A Welsh housing association responsible for more than 6,000 homes has been criticised for offering a free chocolate egg to tenants who've struggled to make rent payments following changes to their benefits.
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A housing association which offered a free Creme Egg to tenants affected by the so-called 'bedroom tax' has defended its offer.
Tenants who have been affected by the so-called 'bedroom tax' have been offered a 60p Creme Egg by their Housing Association as a reward for keeping up with rent payments.
Housing association Valleys to Coast (V2C), based in Bridgend, sent a letter to tenants to thank them for payments.
The letter, signed by Head of Neighbourhoods Nigel Draper, said: "The Bedroom Tax was introduced just over one year ago and Valleys to Coast Housing would like to thank you for your efforts to pay this shortfall.
"As well as thanking you by letter we would also like to offer you as a small thank you by offering a free Crème Egg should you call into the office during the month of April."
Following a protest march in Cardiff calling for an end to the so-called 'bedroom tax', the Department of Work and Pensions say the reforms are 'necessary' in order to restore fairness to the system and make a better use of social housing.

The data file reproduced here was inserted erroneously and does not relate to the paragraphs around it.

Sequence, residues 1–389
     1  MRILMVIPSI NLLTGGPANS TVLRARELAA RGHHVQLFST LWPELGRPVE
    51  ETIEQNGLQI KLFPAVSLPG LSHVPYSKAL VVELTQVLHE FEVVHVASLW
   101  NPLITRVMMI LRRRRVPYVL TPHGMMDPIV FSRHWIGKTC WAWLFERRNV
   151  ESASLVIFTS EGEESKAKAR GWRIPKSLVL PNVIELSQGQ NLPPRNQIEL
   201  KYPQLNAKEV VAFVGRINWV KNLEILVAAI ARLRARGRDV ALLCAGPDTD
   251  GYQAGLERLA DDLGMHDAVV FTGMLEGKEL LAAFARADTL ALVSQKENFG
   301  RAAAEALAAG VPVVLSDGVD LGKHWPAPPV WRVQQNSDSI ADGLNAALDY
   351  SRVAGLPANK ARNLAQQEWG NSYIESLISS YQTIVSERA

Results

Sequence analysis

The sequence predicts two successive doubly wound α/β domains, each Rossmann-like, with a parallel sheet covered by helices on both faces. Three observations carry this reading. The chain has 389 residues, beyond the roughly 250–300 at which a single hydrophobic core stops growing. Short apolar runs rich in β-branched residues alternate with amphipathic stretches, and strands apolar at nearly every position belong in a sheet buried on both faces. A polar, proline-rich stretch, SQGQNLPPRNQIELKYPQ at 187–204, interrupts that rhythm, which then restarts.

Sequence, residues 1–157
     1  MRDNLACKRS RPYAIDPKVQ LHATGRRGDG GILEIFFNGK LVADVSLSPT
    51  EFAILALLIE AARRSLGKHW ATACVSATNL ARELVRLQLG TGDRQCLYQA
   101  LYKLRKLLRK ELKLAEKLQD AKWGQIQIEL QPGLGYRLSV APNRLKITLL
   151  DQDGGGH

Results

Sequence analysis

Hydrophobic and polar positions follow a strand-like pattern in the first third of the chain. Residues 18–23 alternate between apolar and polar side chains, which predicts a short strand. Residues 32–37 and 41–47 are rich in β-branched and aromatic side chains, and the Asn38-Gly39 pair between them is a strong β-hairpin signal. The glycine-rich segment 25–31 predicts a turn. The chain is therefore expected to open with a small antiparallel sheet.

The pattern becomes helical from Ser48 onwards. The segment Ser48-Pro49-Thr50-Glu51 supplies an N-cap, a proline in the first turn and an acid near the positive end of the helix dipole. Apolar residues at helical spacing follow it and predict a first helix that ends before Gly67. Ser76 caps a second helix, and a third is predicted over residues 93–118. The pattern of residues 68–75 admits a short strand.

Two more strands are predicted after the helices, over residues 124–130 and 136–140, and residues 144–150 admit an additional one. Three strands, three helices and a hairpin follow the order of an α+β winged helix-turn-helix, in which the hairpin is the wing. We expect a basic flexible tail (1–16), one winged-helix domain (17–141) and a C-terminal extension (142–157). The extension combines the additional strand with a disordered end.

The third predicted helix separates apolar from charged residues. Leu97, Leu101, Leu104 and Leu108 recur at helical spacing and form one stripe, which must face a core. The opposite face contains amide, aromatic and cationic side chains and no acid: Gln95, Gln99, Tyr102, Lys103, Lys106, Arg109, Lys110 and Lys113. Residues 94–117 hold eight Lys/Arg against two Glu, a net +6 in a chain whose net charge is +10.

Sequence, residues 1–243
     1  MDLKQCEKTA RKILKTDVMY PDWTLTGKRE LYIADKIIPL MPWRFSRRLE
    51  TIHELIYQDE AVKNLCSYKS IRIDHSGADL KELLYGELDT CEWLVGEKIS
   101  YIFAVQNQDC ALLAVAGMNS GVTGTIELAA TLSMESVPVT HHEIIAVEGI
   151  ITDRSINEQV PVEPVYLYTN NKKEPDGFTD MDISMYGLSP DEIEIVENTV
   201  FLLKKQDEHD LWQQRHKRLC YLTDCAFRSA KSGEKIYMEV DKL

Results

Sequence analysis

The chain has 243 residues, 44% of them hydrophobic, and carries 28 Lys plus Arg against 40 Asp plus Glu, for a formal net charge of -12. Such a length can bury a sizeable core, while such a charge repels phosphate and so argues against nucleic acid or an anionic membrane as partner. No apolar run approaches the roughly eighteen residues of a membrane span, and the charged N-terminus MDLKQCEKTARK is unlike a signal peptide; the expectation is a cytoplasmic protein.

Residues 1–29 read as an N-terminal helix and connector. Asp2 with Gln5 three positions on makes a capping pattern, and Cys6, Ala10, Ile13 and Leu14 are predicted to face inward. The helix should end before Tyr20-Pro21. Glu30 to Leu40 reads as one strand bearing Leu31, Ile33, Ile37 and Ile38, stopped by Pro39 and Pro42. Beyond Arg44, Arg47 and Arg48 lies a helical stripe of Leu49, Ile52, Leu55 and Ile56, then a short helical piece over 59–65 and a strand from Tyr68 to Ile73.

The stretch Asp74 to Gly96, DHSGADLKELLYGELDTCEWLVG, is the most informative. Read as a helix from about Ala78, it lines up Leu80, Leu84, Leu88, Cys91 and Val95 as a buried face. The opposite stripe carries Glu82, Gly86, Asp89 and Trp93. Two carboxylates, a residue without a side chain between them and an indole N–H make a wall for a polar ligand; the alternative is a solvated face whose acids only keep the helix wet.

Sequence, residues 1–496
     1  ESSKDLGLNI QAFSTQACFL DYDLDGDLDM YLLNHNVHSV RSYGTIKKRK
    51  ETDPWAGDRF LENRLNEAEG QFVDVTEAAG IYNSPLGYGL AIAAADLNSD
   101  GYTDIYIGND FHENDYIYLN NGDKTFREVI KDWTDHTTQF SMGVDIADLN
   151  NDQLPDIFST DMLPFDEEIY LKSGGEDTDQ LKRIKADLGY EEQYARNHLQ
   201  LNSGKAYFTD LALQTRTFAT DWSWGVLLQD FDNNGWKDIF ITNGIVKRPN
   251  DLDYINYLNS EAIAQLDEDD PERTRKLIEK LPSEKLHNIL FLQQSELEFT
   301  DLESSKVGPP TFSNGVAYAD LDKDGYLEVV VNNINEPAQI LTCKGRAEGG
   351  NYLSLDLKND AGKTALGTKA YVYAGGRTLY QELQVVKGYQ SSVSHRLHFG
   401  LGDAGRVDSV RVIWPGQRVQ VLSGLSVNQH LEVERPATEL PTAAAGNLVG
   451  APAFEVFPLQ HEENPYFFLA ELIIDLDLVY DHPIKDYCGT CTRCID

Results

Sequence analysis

Protesters are marching through Cardiff as part of a UK-wide day of action calling for an end to the so-called 'bedroom tax'.
Campaign group, Cardiff & South Wales Against the Bedroom Tax will be joined by AMs and MPs as well as members of the clergy on the rally through the city centre.
They say the policy, which was introduced a year ago, is breaking up families and dividing communities.
The Department of Work and Pensions say the removal of the spare room subsidy restores fairness and saves the taxpayer money.
There are warnings tonight that the so-called 'bedroom tax' is causing chaos and confusion, as thousands of people who thought they were liable to pay it are discovering they're not.
Under the rules, anyone who has been in their home since 1996 or before - and has continually claimed housing benefit - does NOT have to pay.
One Cardiff resident told ITV News she was 'outraged' at having to watch people in her community downsize when they didn't have to, as well as the fact that she might now be owed money herself.
The Department for Work and Pensions says it is looking at the issue carefully and will act as necessary.
It is estimated that 5,000 people in Wales who are paying a spare room subsidy could - and should - have been exempt.
Under the rule, anyone who has been in their home since before 1996 and has continually claimed housing benefit does not have to pay the subsidy.
A spokesperson for the Department of Work and Pensions say they are looking at the issue carefully and will take any necessary action.
Nearly 80% of people receiving housing benefit in Wales are falling behind with their rent payments. Figures from Community Housing Cymru show that there aren't enough suitable homes available so that people can downsize. Alexandra Lodge reports.